If you’re North American and follow baseball, think Curt Flood.

But it didn’t go away entirely. That was left to Belgian midfielder Jean-Marc Bosman, who in baseball would be the Andy Messersmith of the piece. In 1990, Bosman was fresh off a contract with RFC Liege and wished to go to France to play for USL Dunkerque, but Dunkerque refused to pay Liege’s price, and Liege, not being English and therefore not caring what the English court did with Newcastle United, promptly buried Bosman on the bench and slashed his wages to a quarter of what they had previously been. Bosman went to the European Court of Justice, and in 1995, the court ruled to lift all restrictions on players exiting contracts and wishing to move to another club in the European Union. Not that it helped Bosman by that point, as he had already shuffled around small Belgian clubs for the balance of his career, before going on to have his post-soccer life slowly collapse around him.

Transfer chaos ensued as top players from all over the globe rapidly congealed in an ever-decreasing number of clubs at ever-spiraling salaries. The transfer window was created in 2002 in an attempt to restore some sort of order, and prevent clubs from going out and buying players any time they wanted, which angered the clubs, who rather liked going out and buying players any time they wanted. FIFA originally wanted to make the window apply to out-of-contract players as well, but relented due to pressure from both the clubs and the players, neither of which thought that made any sense.

In 2004, the rules were loosened again, under Article 17 of FIFA’s Regulations for the Status and Transfer of Players. In short, the article states that a player under age 28 can buy out his own contract after three years to declare free agency, or if over 28, after two years, so long as the player gives 15 days’ notice to the club he intends to depart, with effect as of June 2005. It didn’t take long for someone to try it, namely defenseman Andy Webster of Scotland’s Heart of Midlothian. Having reached the legally relevant part of his contract with Hearts, and with Rangers interested in snapping him up, Webster looked to talk with them, only to be refused permission by Hearts. An argument ensued between Webster and Hearts owner Vladimir Romanov, and Webster was buried on the bench. Webster’s response was to head south to England and sign with Wigan Athletic outright while still on the books for one more year at Hearts. Much courtship ensued, during which FIFA approved the move, but as Wigan didn’t give Webster regular playing time, he arranged a loan to Rangers in January 2007, which is where he wanted to go in the first place anyway. In April of that year, FIFA ruled that the only thing Webster had done wrong was fail to give Hearts notice before leaving for Wigan, and for that they merely suspended him for the first two games of the upcoming season. Other than that, the only thing in dispute was how much money Webster was to pay Hearts for the buyout. Hearts appealed to the Court of Arbitration for Sport, only to watch them reduce the money Hearts was owed.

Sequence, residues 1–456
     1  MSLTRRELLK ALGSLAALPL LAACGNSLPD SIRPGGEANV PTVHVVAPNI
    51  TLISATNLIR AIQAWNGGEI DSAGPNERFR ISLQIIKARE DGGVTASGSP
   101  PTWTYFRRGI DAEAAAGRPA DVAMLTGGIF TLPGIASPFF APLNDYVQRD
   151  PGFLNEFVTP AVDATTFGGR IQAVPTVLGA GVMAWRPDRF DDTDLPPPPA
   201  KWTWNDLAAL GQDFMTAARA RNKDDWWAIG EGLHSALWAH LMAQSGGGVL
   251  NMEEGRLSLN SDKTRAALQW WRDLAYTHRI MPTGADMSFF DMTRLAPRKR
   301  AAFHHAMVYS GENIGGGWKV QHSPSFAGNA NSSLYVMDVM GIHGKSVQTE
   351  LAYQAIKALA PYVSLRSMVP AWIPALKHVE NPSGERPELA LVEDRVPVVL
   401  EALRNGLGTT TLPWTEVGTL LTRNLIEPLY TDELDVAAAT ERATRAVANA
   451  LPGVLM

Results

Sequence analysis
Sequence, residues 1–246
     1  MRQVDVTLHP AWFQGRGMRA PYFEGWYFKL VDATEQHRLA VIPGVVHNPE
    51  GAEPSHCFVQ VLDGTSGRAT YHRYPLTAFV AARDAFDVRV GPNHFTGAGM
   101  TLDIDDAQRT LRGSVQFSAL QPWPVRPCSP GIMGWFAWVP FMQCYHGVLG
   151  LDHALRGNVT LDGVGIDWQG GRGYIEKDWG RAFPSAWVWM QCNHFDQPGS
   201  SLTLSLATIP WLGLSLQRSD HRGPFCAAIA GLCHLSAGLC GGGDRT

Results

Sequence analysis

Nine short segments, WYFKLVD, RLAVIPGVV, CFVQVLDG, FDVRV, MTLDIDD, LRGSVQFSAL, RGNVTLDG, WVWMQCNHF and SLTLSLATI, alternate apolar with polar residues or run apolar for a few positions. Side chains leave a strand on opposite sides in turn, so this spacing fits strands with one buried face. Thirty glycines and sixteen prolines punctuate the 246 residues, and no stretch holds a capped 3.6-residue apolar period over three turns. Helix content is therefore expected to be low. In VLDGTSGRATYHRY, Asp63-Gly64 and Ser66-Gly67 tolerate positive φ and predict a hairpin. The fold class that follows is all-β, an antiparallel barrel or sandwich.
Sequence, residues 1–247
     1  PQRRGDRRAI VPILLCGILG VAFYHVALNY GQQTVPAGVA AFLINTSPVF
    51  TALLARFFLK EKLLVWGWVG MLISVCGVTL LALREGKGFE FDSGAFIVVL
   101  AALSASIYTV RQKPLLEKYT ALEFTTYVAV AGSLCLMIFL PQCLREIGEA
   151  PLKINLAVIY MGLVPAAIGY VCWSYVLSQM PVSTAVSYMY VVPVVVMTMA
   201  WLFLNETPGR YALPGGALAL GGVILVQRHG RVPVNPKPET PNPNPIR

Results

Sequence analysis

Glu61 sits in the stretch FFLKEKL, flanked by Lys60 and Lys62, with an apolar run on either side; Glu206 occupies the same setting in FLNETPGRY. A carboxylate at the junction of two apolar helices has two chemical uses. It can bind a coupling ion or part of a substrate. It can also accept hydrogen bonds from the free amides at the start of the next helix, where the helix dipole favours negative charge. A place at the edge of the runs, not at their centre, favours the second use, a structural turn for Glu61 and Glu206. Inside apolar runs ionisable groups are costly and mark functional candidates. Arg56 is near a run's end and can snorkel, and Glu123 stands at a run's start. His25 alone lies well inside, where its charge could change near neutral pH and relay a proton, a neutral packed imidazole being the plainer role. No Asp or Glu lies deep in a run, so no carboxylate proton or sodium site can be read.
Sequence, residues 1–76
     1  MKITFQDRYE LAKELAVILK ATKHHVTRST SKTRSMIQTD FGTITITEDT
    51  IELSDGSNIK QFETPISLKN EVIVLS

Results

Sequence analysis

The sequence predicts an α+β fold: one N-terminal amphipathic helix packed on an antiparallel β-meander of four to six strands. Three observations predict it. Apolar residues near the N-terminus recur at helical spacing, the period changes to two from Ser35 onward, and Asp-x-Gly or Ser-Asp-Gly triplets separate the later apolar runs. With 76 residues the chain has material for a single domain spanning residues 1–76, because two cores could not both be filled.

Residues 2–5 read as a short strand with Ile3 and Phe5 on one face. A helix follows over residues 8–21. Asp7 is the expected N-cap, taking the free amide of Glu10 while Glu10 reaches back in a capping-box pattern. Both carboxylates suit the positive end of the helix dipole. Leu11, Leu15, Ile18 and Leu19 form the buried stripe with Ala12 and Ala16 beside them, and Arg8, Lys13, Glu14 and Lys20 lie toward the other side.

There are other wrinkles in the transfer process, but this is, in essence, where we stand. The process by which we got from Eastham to Bosman, though, is a reminder that a ruling by a court of law in one part of the world does not make it enforceable in another part. FIFA and the Court of Arbitration for Sport have global reach, but no other court you could reasonably expect to take interest in a soccer-related dispute does. Regions outside the European Union- and even your more corrupt nations within it- have a habit of failing to pay their players. Qatar has come under withering fire for their kafala system that has abused both players and construction workers in advance of the World Cup; they’ve announced plans to end it, but have not given a timetable nor do they intend to. Before Qatar became a hot-button topic, Eastern Europe was in the headlines more often for player nonpayment, as well as a variety of other abuse. The abused players become more susceptible to approaches from match-fixers, because hey, at least someone’s trying to pay them.